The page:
It is very important for both employers and employees to have a basic understanding of significant factors that determine the status of the employee. It is very convenient for an employer to hire an independent contractor. We are not going to outline these sound benefits. What we would like to do is to bring your attention to case law that will be considered in the process of determination whether Mr.X is an employee with all the statutory rights and privileges or an independent contractor.
Who is this independent contractor? To name a few examples: independent sales agents, independent construction workers, consultants, etc.
You might have a question: “why does it matter?” Please note that there are different legal consequences for each employment status. For example, regular employees are protected by various statutes like the Employment Standards Act. In accordance with the ESA employees are entitled to vacation, minimum wage, overtime and public holiday pay, pregnancy/parental leave, and most importantly termination notice and severance. If you are an employee you would be happy to have these statutory guarantees. On the other hand, if employers choose to proceed with the formal employment, employers are required to pay Employer Health Tax, CPP and Employment Insurance deductions. These payments and deductions along with the absence of significant obligations enforceable under the ESA force employers to go with independent contractors. Unfortunately, even if there is a signed agreement that puts a perspective employee into the independent contractor shoes, there is a chance that this agreement will be determined as unenforceable. Subsequently, an employer may end up with an employee and a number of obligations to fulfill.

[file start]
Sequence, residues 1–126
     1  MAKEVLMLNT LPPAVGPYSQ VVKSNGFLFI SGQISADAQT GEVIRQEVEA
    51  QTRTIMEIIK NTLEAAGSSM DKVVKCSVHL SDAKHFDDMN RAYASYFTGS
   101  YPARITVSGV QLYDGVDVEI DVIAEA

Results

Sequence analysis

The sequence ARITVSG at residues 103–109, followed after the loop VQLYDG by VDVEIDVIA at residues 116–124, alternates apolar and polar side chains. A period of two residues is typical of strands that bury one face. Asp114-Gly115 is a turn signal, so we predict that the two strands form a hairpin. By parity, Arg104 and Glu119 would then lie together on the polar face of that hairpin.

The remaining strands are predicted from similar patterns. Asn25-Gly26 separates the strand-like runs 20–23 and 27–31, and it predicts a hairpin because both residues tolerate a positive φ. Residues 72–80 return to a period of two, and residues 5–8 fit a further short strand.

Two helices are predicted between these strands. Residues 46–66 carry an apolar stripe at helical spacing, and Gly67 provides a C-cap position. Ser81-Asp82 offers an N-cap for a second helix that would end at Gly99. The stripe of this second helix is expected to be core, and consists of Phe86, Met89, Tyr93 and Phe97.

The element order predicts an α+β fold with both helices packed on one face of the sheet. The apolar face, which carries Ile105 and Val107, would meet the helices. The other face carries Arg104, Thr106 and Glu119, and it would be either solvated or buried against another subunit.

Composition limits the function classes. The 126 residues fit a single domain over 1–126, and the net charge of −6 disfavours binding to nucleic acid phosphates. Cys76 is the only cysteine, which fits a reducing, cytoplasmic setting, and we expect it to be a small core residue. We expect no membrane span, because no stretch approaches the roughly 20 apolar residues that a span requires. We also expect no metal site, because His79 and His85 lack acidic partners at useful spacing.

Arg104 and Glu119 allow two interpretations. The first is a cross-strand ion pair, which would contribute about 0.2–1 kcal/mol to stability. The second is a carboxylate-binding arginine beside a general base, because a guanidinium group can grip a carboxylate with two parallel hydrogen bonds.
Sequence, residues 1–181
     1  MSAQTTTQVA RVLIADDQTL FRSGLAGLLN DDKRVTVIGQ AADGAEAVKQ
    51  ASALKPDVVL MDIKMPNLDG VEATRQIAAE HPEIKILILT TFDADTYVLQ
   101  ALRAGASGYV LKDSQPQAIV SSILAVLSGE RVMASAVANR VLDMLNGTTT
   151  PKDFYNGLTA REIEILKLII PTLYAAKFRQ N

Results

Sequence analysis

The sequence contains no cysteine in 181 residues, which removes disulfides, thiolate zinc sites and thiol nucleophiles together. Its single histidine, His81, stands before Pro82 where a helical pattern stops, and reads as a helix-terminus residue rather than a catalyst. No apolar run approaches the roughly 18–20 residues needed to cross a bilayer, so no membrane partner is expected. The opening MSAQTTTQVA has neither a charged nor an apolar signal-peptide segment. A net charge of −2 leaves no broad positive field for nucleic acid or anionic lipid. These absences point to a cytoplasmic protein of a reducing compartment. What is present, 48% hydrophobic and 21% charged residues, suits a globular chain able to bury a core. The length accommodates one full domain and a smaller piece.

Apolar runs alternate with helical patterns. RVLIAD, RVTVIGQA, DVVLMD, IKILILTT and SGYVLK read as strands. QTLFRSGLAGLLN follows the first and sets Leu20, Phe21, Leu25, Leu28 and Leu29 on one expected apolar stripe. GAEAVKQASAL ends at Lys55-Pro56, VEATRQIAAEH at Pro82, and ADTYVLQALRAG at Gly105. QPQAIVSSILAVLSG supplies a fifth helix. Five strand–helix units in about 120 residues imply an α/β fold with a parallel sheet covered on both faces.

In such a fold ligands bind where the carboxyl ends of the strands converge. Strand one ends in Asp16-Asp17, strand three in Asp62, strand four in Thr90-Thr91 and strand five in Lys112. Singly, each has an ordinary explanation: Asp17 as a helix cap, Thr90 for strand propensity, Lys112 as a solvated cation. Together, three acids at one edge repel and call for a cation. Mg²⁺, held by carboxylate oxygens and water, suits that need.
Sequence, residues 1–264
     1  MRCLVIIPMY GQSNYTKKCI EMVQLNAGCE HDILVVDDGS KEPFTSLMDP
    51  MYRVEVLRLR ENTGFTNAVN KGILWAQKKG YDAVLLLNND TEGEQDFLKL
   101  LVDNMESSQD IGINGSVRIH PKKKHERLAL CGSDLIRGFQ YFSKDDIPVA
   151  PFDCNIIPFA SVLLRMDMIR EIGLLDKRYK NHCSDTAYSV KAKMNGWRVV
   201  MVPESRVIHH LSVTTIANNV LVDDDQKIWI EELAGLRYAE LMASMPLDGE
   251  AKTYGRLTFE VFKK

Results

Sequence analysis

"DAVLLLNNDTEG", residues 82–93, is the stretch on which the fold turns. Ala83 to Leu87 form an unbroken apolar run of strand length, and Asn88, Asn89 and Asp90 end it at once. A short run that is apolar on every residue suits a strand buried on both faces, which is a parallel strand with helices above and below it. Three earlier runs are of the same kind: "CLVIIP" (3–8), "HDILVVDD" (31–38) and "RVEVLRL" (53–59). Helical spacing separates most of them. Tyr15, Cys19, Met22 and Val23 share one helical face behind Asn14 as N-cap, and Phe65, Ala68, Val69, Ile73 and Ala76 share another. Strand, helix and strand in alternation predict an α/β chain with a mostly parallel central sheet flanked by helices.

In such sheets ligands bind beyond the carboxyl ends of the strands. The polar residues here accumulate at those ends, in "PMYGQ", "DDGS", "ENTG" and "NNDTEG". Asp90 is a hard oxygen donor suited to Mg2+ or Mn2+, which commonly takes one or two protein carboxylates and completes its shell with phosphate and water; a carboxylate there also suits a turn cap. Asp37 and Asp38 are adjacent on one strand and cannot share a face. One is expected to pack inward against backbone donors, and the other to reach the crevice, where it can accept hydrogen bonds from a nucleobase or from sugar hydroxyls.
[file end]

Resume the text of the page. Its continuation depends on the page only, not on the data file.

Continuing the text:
In order to determine whether a worked is an employee under a contract of services or self-employed under a contract for service we would like to bring your attention to relevant common law principles. These following factors will be considered by the Court in the process of determination whether there was a contract of service or a contract for service. There are four factors: 1) control 2) ownership of tools 3) chance of profit 4) risk of loss.
Does the employer have substantial control over the employee? Most of the time in the employer-employee relationship, the employer controls, directly or indirectly, the way the work should be done, when and how the work should be done, and if it was actually done. Please note that it is not necessary that the control actually be exercised, only that it can be exercised.
Ownership of tools
Generally speaking, if there is an employer-employee relationship, the employer supplies the equipment and tools that are necessary for the completion of the work by the employee. Moreover, most of the time, the employer is responsible to for costs related expenses in connection with the use of these equipment and tools. Certain relevant specifications should be considered with respect to the nature of the work that should be performed by the employee.
Chance of profit/risk of loss
In the employer-employee relationship, the employer alone assumes the risk of loss in relation to operating costs, office expenses, out-of-pocket expenses, wages for other employees, employment benefits, insurance premiums, delivery and shipping costs, etc. The employee assumes little or no financial risk and is entitled for full salary or wages regardless of the financial status of the business.
Another important factor that should be considered by both employer and employee is the actual status of “dependent contractor”. In the case, where a worker will be determined to fit within the above-noted category, “dependent contractors” will get employee-style rights such as reasonable notice of termination.
If one of the outlined scenarios applies to you, please do not hesitate to contact us at LegaMax Legal Services in order to discuss the specifics of your case.